Overstock’s CEO Wants to Issue Stock on the Blockchain, Pay Employees in Bitcoin
It’s been clear from the start that for Overstock CEO Patrick Byrne, cryptocurrency is more than the “Bitcoin bump.” Byrne is a staunch Libertarian, speaking at events like PorcFest 2014, and Bitcoin ties directly into his vision of what that means. Bitcoin, to Byrne, seems to be a tool of freedom, and a way to break the hold of central banking on the western world. Shortly after Overstock began accepting the cryptocurrency via a partnership with a Coinbase, Byrne was quotes as saying,
“We want a money that some government mandarin can’t just whisk into existence with a pen stroke.”
Overstock.com, one of the largest online merchants, with $1.3 Billion in annual sales, began accepting Bitcoin in May, following a keynote announcement by Byrne at BITCOIN 2014, an industry conference. Since then, the company has begun to hold 10% of its Bitcoin revenue in Bitcoin, and has made other motions of support, including funding Bitcoin research with three percent of their Bitcoin profits. Now, over the last few days, the company has announced a desire to do more — a lot more.
In a page created on Saturday on an Overstock website, the company discusses a number of ways of using the Bitcoin blockchain to issue securities (abstract financial assets that can be exchanged in a decentralized, pseudonymous manner), using a variety of different techniques, including Counterparty and NXT. This kind of cryptosecurity would be similar to a traditional corporate stock, but the trading and ownership would be enforced by a decentralized cryptocurrency network, rather than by a centralized exchange like NASDAQ or the NYSE. In the same way that Bitcoin moves control of money away from the central banks, a switch to this kind of system would move control of the stock market away from centralized stock exchanges. There are a lot of unsolved issues with issuing such a security, and Byrne wants to know if it’s possible – hence the web page, which aims to attract public comment, solutions, and discussion to held clarify some unresolved areas of the idea. That said, it’s likely that Overstock would seek SEC permission before issuing such a bond.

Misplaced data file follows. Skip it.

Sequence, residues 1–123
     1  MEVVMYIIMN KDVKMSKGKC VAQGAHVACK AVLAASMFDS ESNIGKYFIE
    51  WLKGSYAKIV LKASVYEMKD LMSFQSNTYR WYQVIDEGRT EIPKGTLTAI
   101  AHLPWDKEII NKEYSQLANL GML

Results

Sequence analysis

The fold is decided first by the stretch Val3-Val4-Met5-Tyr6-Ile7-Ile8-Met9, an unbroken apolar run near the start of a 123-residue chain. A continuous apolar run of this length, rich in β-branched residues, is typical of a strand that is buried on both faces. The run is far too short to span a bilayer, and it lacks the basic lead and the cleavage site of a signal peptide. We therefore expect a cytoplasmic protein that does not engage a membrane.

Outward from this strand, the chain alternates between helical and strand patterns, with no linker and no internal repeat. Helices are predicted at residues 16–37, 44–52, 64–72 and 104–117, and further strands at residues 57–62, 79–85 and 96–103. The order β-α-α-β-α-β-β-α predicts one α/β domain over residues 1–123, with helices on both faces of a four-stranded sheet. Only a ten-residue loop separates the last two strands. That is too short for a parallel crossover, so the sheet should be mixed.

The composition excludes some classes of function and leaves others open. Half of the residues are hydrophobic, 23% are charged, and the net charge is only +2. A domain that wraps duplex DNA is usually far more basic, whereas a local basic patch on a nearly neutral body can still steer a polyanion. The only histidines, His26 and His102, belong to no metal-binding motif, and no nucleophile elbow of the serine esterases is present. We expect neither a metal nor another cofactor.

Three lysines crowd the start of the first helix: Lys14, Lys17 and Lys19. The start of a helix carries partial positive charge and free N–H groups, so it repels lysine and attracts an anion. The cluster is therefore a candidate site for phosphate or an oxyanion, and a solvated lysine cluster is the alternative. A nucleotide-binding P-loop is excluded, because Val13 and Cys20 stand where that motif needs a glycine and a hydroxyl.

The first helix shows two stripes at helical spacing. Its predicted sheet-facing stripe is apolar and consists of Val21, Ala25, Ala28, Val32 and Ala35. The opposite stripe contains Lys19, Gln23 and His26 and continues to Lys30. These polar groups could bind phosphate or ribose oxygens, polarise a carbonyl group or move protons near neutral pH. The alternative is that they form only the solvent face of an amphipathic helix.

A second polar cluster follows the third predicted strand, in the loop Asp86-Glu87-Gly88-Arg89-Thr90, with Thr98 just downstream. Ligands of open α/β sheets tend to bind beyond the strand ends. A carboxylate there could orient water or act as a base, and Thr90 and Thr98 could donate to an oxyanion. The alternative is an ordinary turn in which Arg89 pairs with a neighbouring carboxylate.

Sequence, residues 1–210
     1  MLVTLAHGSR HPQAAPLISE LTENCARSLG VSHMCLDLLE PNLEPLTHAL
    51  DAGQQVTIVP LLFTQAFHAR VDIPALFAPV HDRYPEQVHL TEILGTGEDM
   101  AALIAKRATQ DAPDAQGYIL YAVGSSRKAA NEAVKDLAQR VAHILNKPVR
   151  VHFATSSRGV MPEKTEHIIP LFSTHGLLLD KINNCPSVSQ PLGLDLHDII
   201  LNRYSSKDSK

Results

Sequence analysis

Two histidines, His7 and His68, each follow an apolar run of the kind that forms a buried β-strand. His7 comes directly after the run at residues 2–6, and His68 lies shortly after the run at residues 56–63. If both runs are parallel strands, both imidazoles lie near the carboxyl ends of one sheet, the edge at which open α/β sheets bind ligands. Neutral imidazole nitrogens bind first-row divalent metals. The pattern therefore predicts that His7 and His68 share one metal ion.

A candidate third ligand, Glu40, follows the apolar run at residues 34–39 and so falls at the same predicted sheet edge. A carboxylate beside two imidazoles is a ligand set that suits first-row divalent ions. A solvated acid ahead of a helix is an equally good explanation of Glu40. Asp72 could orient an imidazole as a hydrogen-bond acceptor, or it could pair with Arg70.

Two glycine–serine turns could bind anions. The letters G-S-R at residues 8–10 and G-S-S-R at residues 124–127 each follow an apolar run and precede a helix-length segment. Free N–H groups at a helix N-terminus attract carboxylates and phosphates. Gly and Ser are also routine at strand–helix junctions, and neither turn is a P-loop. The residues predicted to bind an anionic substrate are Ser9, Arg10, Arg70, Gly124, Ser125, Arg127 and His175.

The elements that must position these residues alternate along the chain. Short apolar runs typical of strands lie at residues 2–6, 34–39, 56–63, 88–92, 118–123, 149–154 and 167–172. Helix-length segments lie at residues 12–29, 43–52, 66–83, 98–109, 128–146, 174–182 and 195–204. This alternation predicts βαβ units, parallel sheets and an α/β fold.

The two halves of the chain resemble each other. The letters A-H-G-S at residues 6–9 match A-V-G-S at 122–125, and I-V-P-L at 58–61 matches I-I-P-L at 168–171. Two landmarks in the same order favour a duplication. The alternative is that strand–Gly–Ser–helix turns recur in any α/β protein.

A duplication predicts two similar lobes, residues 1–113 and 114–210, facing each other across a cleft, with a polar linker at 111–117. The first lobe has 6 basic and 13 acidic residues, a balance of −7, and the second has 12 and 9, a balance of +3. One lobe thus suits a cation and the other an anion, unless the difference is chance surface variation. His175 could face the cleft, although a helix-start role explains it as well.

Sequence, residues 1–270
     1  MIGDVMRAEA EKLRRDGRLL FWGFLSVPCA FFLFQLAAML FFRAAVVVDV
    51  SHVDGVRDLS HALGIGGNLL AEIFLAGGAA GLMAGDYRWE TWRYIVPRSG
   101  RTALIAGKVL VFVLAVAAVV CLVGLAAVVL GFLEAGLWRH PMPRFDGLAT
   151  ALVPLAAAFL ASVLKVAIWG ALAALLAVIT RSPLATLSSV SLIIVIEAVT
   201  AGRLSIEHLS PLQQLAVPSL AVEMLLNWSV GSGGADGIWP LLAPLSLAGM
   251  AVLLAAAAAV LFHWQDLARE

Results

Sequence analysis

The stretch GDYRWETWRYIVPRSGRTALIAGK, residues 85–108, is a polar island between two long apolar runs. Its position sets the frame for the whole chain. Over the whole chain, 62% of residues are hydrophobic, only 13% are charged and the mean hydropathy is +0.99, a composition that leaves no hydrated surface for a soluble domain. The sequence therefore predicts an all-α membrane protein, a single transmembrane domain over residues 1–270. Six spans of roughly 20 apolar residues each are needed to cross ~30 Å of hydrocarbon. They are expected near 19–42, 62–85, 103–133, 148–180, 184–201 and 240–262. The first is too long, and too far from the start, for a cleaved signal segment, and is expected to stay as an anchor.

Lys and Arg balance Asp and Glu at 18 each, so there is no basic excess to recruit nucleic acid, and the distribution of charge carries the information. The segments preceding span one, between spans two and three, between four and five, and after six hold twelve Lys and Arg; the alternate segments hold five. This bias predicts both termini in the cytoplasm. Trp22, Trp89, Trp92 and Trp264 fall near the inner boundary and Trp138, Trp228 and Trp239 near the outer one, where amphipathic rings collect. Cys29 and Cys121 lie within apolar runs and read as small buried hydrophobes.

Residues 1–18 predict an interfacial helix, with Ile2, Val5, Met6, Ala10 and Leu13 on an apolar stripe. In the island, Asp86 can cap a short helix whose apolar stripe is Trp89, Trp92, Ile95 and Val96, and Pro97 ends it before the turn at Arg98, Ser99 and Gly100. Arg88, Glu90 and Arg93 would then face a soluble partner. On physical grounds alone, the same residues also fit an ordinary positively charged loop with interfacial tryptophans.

This kind of system would help to make issuing stocks more approachable for small businesses, and would make it possible for individuals to purchase equity in corporations in a way that is not currently possible: imagine a version of Kickstarter, where the backers are actual investors, and own a share of the corporate equity going forwards. It would also eliminate a number of unethical forms of trading, like naked short selling (the process of selling and asset without owning or borrowing it first, in an attempt to exploit short-lived arbitrage opportunities). It would also, of course, make enforcing financial regulation against, for example, insider trading more difficult, because it would be difficult for law-enforcing bodies to determine who owns a particular cryptosecurity in order to determine if legal action needs to be taken. Cryptosecurities would also put hard brakes on the minimum transaction time for high frequency trading due to the relatively large transaction confirmation times of Bitcoin, reducing the profitability of that industry (whether or not this is a good thing is, of course, up for debate).
If Overstock goes through with it, it’ll be the first publically traded company to issue such a security, a move that could kick off an entire Bitcoin stock market, likely with disruptive implications for the finance industry. Investigating the issue further, Wired quoted James Angel, a Georgetown University professor of finance, who says that he thinks cryptosecurities are “a really interesting idea.”
“The biggest hurdle is institutional inertia. […] When you talk about the stock settlement system, you’ve got over 4,000 broker-dealers involved in the process, and it’s not something that’s easy change.”
Byrne himself is a little bit blunter.
“I wish to provide the world a way to give Wall Street some payback, in the form of a massive hot fudge high colonic that would be a cryptosecurity.”
This announcement was followed today by the revelation that Overstock would be offering its employees the option of taking their bonuses in Bitcoin. To incentivize them to take it, employees will be offered a premium over cash if they take it as Bitcoin. While most employees will likely sell their Bitcoin bonuses for USD immediately, many of them will probably choose to make any purchases that they can and need in Bitcoin (to avoid the loss of transaction fees on that money). This will stimulate the Bitcoin economy in a small way, and also help to push the idea of Bitcoin as a legitimate currency in the eyes of the public. With any luck, other companies will be willing to follow in Byrne’s footsteps.